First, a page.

College Financial Aid

College financial aid is a complicated issue, and it seems like there’s almost too much information out there, making it difficult to figure out what applies to your family’s situation.  In this first of a three-part series about paying for college, college financial aid, and merit aid, we’ve curated the most accurate resources to help you understand how the process works, know where to find information, and factor financial aid into your child’s college search at the right time.

In the webinar to the right, I’ll introduce you to the basic concepts that are most important in how college financial aid works.  The pdf of the presentation is here, with all links clickable:

Magellan financial aid presentation 2020

In the ~30-minute webinar, I cover these topics:

  • College financial aid terms
  • How is “need” determined?
  • How do colleges fill that need?
  • Which colleges give non-need-based aid, sometimes referred to as “merit” aid, and which students receive it?

In the two subsequent posts in this series, you’ll see my interview with Lynn O’Shaughnessy, a highly respected expert on college financial aid, discussing need and merit aid in great detail, and my interview about college ROI with wealth advisor Aaron Kirsch.

Here are some additional resources about financial aid:

Bottom line on financial aid – knowing how the process works is likely to reduce your stress and frustration – colleges tend to behave very similarly from year to year.  The links in the presentation posted below are live, and as you saw in the webinar, we rely heavily on information we obtain from because we trust its accuracy.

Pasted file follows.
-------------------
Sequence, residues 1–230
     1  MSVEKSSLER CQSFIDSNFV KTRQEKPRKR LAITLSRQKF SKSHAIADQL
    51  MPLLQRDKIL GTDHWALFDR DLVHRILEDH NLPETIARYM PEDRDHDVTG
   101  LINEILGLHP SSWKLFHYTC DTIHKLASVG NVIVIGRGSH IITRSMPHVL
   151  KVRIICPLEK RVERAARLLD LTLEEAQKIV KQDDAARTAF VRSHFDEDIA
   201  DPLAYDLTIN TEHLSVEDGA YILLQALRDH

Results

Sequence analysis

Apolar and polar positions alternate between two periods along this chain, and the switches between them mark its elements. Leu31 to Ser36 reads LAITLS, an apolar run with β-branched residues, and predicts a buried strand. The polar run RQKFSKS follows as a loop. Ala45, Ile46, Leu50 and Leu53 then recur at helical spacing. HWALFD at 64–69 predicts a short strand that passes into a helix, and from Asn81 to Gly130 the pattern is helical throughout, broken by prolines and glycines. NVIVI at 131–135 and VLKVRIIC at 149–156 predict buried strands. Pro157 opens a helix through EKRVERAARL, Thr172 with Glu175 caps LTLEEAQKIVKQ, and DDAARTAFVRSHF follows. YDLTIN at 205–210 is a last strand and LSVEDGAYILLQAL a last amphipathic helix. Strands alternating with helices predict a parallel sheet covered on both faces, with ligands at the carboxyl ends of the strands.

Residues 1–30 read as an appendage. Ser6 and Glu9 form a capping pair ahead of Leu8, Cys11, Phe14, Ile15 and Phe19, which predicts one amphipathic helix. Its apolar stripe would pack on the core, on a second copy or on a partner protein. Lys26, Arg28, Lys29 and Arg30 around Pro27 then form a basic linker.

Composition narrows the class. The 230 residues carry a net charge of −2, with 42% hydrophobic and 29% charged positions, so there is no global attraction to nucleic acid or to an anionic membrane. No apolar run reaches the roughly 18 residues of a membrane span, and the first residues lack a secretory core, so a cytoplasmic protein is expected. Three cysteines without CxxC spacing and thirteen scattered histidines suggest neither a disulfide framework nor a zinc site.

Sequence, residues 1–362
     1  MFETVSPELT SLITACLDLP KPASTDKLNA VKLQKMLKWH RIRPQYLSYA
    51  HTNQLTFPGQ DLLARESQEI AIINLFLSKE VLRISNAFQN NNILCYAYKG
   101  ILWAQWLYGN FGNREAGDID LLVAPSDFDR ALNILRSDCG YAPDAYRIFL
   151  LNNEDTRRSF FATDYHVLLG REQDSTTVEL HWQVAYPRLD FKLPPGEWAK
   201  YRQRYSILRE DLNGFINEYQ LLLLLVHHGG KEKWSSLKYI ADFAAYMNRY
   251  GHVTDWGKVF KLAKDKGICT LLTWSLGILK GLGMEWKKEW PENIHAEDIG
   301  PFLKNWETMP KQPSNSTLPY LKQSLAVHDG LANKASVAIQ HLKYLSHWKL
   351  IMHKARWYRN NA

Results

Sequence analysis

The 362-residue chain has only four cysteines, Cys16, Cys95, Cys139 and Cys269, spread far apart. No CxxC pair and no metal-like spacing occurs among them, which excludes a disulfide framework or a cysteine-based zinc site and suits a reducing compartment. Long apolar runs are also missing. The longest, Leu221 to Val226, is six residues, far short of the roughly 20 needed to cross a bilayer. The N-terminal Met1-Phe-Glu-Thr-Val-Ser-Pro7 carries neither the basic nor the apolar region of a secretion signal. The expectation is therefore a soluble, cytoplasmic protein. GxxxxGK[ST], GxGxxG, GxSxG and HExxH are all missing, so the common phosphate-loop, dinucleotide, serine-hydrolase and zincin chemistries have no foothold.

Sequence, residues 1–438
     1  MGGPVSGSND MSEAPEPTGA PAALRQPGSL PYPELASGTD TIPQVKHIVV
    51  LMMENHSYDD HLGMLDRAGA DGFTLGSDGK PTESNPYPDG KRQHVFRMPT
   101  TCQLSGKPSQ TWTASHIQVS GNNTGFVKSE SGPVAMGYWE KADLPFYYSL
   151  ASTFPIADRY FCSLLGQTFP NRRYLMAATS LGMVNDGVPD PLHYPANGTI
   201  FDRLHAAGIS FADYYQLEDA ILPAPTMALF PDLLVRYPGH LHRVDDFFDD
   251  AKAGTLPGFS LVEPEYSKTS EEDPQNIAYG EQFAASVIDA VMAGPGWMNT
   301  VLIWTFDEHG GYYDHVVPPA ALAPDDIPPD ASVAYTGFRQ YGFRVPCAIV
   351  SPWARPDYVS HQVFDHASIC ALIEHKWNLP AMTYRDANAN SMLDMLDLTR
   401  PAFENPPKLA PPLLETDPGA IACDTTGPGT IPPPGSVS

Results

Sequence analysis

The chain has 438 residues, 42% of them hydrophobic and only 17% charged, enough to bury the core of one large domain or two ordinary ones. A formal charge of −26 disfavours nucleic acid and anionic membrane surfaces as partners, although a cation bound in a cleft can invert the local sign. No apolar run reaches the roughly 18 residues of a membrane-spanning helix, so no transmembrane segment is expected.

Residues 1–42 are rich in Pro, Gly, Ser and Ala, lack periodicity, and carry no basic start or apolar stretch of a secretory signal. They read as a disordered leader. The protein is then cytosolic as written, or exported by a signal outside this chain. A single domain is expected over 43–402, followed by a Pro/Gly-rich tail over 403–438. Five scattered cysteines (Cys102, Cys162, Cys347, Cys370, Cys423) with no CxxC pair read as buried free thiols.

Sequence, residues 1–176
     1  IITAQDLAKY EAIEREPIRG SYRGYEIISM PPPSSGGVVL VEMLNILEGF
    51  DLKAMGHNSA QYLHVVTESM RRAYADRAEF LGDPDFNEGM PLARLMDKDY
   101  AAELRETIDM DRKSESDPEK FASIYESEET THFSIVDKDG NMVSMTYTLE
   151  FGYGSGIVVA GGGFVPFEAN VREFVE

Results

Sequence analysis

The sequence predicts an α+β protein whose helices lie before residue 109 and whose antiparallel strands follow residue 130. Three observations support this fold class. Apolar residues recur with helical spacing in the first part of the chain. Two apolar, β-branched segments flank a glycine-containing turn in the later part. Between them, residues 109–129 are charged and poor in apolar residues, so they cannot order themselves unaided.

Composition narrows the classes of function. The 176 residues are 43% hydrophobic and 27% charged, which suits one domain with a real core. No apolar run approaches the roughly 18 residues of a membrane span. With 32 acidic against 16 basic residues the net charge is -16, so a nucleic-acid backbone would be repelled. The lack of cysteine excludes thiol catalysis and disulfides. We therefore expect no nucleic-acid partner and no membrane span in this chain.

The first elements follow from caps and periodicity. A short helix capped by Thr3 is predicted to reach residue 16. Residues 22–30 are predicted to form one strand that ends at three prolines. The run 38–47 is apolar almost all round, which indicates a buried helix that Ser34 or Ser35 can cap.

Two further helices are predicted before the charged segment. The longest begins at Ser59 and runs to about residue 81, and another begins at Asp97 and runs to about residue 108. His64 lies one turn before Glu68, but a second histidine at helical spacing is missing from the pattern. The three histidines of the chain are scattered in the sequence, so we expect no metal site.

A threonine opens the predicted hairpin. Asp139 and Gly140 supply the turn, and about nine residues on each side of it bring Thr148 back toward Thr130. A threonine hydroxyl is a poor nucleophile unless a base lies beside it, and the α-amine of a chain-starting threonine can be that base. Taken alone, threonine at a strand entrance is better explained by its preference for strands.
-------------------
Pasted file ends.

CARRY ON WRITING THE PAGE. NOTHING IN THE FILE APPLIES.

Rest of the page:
What happens after you submit the FAFSA?  What a great question!  The Department of Education will send your FAFSA information to each of the colleges on your list.  Each one will download the information, and when you’re admitted to each college, their financial aid office will begin working on a financial aid offer.  Keep in mind that financial aid offices ONLY work on trying to fill the GAP between their cost and your EFC, your ability to pay.  As I discuss above in the video, some colleges give merit aid as well, but many do not.

This video from the financial aid office at Bradley University gives you a quick feel for what colleges do with your FAFSA information:

Quick Tip:  One of the most frequent questions we are asked about FAFSA is how to submit it to more than 10 colleges, because there’s only room for 10.  The answer: enter your first 10 colleges, wait until you receive your SAR, wait an additional 7 days for the colleges to download your info, then go back in, delete the original 10 and add the rest of your list.  Most states require you to list one in-state school to be considered for state aid; you can find out if that’s true for your state here.

We hope that all of these resources help you understand how college financial aid works and how it might apply to your family’s situation.

As always, feel free to get in touch if you’d like a personal consultation.

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